A better option for sovereign wealth funds to invest in major financial players is very hard to imagine. Equities of banks offer a discount of 20 % in their share price and represent the rear light on Wall Street. To be more exactly: This year the share price of financial institutions has declined about 22 %, representing the worst segment of S&P 500. The fear of further write-offs due to the so called subprime crises has decreased share prices heavily.
A couple of days ago I posted about the last deals of sovereign wealth funds and the activities related to banks (see this post). Now two new deals have been announced. The US investment bank Morgan Stanley had to announce new major cumulative value adjustments. 9.4 billion USD cumulative value adjustments had to be made related to credit derivatives. Hence the last quarter of 2007 faces a loss of 3.59 billion USD. To stabilize the situation in financial terms, CIC (China Investment Corp.) will invest around 5 billion USD (equal to a 9.9 % stake in Morgan Stanley). Instrument to do so is a convertible bond (9 % interest rate) that can be converted into an equity stake of 9.9 % later.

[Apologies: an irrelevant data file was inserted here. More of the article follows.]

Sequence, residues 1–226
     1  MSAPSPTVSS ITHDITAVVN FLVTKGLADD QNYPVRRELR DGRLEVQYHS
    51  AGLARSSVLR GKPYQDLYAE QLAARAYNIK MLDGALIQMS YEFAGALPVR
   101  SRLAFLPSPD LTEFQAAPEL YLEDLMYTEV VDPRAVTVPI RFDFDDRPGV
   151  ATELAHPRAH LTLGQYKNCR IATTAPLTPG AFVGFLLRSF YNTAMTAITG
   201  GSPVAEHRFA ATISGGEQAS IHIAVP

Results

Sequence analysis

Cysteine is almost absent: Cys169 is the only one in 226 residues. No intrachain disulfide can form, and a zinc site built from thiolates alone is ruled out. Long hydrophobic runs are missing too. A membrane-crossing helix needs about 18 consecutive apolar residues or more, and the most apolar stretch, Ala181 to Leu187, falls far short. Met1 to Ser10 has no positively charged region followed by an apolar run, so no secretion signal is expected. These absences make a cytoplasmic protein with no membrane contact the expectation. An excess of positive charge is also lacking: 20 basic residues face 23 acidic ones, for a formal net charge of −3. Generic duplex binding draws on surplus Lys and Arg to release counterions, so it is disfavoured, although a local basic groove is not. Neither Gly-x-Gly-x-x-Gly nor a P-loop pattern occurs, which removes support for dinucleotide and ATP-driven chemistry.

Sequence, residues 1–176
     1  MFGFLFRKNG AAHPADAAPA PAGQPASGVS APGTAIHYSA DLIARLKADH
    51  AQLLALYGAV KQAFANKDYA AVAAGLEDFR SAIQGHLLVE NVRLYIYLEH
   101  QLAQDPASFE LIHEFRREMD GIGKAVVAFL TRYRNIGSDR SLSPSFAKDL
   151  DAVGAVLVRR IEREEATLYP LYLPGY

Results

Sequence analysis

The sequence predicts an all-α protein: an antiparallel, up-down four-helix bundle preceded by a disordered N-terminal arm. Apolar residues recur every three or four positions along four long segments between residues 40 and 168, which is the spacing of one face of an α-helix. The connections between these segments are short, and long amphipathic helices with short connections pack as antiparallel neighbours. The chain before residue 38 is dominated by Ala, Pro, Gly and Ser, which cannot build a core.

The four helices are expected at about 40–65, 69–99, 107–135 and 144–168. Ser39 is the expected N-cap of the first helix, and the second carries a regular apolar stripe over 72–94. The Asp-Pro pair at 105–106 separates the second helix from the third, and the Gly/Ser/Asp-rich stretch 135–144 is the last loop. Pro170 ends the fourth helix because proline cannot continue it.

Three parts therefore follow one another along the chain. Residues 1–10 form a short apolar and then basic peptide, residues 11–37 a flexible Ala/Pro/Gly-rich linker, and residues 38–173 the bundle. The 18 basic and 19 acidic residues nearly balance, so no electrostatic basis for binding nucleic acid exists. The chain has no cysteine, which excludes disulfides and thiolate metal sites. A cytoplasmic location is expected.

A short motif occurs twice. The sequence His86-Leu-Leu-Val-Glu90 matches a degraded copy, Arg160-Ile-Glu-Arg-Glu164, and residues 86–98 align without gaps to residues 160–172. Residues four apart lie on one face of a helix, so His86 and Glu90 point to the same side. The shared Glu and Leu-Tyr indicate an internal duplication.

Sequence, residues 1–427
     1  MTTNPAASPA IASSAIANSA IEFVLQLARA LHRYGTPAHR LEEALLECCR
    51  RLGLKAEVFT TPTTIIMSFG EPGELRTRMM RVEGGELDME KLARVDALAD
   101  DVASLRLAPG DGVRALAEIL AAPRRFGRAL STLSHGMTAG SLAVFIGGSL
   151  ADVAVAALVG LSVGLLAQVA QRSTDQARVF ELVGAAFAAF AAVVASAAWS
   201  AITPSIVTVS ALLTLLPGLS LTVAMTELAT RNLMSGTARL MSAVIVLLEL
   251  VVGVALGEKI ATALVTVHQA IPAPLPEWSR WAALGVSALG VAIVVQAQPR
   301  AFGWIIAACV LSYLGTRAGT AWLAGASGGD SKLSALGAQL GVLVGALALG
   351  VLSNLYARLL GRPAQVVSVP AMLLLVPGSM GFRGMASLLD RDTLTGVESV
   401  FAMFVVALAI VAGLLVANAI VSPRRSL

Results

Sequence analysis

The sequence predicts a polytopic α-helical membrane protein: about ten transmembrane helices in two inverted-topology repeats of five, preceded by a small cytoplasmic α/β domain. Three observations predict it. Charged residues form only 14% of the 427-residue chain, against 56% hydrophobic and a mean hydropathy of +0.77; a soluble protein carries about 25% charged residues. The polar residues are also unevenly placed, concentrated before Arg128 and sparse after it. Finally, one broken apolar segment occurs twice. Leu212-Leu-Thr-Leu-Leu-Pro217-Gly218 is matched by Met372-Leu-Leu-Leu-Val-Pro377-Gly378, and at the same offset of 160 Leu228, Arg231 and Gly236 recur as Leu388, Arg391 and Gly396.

According to the Wall Street Journal the investment bank Merrill Lynch is in negotiations with Termasek Holdings (Singapore) about an investment of 5 billion USD. The share price of Merrill Lynch declined nearly 40 % this year. In the case that the negotiations would be successful, Termasek would have the option to get an equity stake over 10 %.
All recent deals have illustrated very well the growing importance of sovereign wealth funds in the Middle East and Asia. These deals also highlight the increasingly bold moves to take advantage of the need for capital among western institutions. To summarize all deals in financial institutions I have update the following table; it also include the effect of a successful negotiation between ML and Termasek:
According to the Financial Times three deals (UBS; Citigroup and Merril Lynch) have yet to be endorsed by shareholders of each investment banks. The newspaper FT reported on Friday last week that in particular the Swiss UBS is confronted with a “shareholder revolt” over its planned re-capitalisation deal with GIC and the unknown investor based in Saudi Arabia. As posted before, I think that this investor might be Abu Dhabi (ADIA).
For another economic commentsÂ I also recommend this blog.